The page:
Here’s today’s AdExchanger.com news round-up… Want it by email? Sign up here.
Microsoft is advocating that the US follow Australia’s lead and copy a proposal that would require tech companies to pay newspapers for using their content. It’s also suggested, unsurprisingly, that its very own Bing search engine could be a viable alternative to replace Google in the country. Google is far and away the dominant search engine in Australia. Google has threatened to yank its search engine from down under if the proposal is passed into law, claiming that it would set an “unmanageable precedent,” The Wall Street Journal reports. Facebook has also balked, warning that it would bar Australian users from sharing links to news articles on its platforms. Both Google and Facebook have said they are willing to invest in local publishers as one way to negotiate fair compensation. They also argue that publishers benefit by having links to their content appear in search results and on social media because it sends users directly to their sites. Google's chief legal officer Kent Walker blasted Microsoft for supporting the proposal and accused the company of maneuvering in an attempt to increase its much-smaller search market share. Business Insider has more.
Big Tech Tax
Maryland is taking a page from Europe’s playbook as it looks to lean on Big Tech. The New York Times reports that lawmakers in the state are on the verge of issuing the nation’s first tax on revenue derived from digital ads sold by companies like Facebook, Google and Amazon. Maryland politicians, struggling with massive budget gaps due to the pandemic, have made no secret that they want a slice of the ad industry’s pie. Maryland’s House of Delegates voted on Thursday to override the governor’s veto of the proposed law, and the State Senate is expected to follow suit. The tax could generate as much as $250 million in the first year after enactment, with most of that money going to schools. If the tax passed, it would signal the arrival on US shores of a policy pioneered by European countries, and it’s likely to set off a fierce legal fight over how far communities can go to tax the tech companies. Other states are pursuing similar efforts and are part of an escalating debate about the economic power of the tech giants and their status as gatekeepers for communication and culture.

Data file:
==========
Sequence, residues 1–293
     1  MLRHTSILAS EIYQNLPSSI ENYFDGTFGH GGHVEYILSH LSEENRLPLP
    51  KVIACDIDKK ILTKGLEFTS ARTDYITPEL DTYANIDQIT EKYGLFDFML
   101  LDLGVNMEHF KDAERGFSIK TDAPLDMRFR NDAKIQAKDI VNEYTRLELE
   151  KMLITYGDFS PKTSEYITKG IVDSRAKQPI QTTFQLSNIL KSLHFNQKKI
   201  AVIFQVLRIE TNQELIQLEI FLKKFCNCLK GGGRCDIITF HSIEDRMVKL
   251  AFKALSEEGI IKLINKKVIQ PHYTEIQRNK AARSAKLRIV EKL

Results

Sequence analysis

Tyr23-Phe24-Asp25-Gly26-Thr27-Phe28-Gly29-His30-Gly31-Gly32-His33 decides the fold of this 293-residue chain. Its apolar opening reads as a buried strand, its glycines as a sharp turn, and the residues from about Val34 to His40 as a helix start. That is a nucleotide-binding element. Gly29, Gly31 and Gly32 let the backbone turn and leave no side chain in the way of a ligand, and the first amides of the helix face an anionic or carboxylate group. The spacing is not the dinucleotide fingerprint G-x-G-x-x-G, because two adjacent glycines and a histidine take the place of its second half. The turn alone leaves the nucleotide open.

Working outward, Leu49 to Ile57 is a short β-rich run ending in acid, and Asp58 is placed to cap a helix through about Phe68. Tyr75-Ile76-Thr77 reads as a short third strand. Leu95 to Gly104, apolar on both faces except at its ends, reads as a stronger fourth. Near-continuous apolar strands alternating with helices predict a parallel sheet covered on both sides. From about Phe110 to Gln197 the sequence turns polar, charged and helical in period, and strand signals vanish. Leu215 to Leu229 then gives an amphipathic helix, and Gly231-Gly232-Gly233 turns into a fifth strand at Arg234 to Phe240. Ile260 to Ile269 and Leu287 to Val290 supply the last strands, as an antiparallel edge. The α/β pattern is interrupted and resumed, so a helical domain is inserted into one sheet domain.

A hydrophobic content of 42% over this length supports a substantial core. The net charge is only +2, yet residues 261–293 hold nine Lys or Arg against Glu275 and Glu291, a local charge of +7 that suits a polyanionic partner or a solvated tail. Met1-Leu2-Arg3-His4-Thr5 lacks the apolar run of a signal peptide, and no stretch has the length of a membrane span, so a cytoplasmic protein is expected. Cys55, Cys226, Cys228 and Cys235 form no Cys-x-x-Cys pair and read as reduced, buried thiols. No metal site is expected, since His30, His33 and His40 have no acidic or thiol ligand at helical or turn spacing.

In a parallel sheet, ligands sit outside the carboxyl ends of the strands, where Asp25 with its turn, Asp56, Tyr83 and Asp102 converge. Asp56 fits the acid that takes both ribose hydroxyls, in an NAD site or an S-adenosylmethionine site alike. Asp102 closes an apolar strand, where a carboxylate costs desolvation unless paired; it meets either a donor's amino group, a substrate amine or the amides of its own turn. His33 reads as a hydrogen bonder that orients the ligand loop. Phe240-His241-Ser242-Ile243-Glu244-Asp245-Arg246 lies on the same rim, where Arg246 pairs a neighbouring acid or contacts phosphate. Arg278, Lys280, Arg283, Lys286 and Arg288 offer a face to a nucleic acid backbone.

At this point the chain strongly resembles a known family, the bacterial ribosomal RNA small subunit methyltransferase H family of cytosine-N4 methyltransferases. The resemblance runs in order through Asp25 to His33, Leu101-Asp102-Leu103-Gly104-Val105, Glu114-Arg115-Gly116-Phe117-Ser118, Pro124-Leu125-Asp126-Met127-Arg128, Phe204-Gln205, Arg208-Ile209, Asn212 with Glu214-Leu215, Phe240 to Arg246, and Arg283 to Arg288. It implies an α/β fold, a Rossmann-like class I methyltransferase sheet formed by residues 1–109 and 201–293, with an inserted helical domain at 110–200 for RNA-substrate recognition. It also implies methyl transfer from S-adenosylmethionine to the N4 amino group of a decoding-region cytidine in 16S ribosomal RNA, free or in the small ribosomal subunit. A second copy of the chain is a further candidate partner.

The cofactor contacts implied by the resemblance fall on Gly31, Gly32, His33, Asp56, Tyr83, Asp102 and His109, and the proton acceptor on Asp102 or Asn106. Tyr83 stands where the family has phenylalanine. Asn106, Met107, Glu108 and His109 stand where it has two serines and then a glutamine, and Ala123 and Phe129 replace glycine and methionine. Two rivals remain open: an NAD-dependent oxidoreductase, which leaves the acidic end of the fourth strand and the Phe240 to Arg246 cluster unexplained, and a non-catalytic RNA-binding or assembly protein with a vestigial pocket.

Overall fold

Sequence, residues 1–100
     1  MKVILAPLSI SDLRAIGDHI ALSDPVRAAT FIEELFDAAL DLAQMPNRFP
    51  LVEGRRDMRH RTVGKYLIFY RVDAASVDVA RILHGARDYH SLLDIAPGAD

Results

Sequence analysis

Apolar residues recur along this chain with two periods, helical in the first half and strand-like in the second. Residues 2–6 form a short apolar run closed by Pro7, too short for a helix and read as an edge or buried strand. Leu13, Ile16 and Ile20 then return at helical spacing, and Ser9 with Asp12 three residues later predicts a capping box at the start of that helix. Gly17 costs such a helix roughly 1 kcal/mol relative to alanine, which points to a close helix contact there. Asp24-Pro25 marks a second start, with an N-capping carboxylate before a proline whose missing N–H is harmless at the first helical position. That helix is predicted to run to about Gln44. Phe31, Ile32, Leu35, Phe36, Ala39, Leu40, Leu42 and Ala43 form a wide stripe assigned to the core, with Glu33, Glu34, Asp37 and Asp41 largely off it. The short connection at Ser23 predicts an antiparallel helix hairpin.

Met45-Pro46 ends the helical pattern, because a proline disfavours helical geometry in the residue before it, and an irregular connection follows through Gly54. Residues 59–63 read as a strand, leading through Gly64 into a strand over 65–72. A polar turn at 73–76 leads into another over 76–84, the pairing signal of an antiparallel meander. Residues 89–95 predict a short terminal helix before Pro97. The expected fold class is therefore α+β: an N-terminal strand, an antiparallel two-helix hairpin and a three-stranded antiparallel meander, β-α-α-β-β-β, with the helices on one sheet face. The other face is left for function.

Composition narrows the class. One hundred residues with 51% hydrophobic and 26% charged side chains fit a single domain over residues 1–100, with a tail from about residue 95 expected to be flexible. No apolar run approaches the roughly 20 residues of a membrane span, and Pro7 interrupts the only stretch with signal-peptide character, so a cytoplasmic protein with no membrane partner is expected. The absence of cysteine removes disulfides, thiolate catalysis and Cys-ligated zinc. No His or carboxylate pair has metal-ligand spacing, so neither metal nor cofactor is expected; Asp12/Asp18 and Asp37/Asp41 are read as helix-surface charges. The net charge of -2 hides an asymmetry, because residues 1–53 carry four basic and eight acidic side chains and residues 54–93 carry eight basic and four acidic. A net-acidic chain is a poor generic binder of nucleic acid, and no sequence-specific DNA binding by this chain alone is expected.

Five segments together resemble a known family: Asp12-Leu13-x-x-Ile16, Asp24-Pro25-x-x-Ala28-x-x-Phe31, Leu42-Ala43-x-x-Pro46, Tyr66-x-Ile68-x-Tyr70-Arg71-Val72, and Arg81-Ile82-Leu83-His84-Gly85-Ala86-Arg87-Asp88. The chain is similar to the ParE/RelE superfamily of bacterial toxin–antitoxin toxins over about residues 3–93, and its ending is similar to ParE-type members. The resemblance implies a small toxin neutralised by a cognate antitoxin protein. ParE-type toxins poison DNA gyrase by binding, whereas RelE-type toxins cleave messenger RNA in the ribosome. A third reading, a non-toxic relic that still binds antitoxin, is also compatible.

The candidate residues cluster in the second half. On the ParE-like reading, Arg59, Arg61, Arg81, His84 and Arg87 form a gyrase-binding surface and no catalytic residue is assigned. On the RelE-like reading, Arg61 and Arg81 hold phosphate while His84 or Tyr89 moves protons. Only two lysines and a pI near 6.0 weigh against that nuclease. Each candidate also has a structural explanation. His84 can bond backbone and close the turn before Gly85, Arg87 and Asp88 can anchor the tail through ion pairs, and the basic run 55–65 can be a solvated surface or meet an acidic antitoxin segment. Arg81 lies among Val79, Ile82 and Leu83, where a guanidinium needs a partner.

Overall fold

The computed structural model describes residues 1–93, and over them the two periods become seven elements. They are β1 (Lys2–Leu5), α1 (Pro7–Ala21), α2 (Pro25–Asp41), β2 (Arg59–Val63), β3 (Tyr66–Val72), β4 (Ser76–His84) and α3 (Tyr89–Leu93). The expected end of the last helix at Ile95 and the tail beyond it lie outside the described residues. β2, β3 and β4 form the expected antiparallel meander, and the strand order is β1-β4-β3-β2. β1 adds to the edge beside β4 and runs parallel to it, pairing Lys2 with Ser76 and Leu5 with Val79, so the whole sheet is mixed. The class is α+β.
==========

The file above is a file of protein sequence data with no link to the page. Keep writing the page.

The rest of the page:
TikTok Moves On
With the Biden administration putting the sale of TikTok to Oracle and Walmart on ice, the short-form video app is quickly becoming a staple on media plans, with more ad dollars expected to flow into the app this year. With the future of TikTok in the US no longer an urgent question, marketers feel more comfortable upping their spend, Digiday reports. According to buyers, improvements to TikTok’s ecommerce capabilities, including its recent partnership with Shopify and a new dynamic catalog ad unit that’s currently in beta, are swaying marketers to open their wallets. “In 2020, marketers were wary of the stability of TikTok,” said Madelyn Lydon, associate director of PR and social media at ad agency OH Partners. “It seemed like a big risk to invest dollars without knowing the future of the app.” But now that the runway is clear and users are starting to spend more time on TikTok than they are on Facebook, it’s “crucial for marketers to provide those users with content,” Lydon said. “Otherwise, they risk getting left behind.”
But Wait, There’s More!
Facebook’s nascent oversight board says that other social networks are welcome to join if the project succeeds. [TechCrunch]
Clubhouse and other audio-based social networks are attracting users – and Hollywood denizens and tech bros and Elon Musk – with a simple appeal: hearing another human voice. [WSJ]
Political groups rarely have the same targeting capabilities as major companies but, even so, increasingly narrow political targeting could have disturbing implications. [Brookings]
Here are five reasons why Apple’s move to limit the use of its IDFA is very good for CTV. [MediaPost]
Twitter has permanently suspended conservative activist group Project Veritas. [The Verge]
SPACs are the hot new way for startups to go public – and a booming “side hustle” for people with star status. [Business Insider]
Nexstar has named Lori Tavoularis as its CRO. [release]
Finecast, GroupM’s addressable TV groups, has brought on Matt Stephens as head of client engagement and Georgina Fox as head of operations. [AdNews]
App retargeting company Remerge has appointed Patrick Eichmann as general manager of the Americas. [release]
Attention analytics startup Adelaide has hired Ethan Rapp for the president role. [release]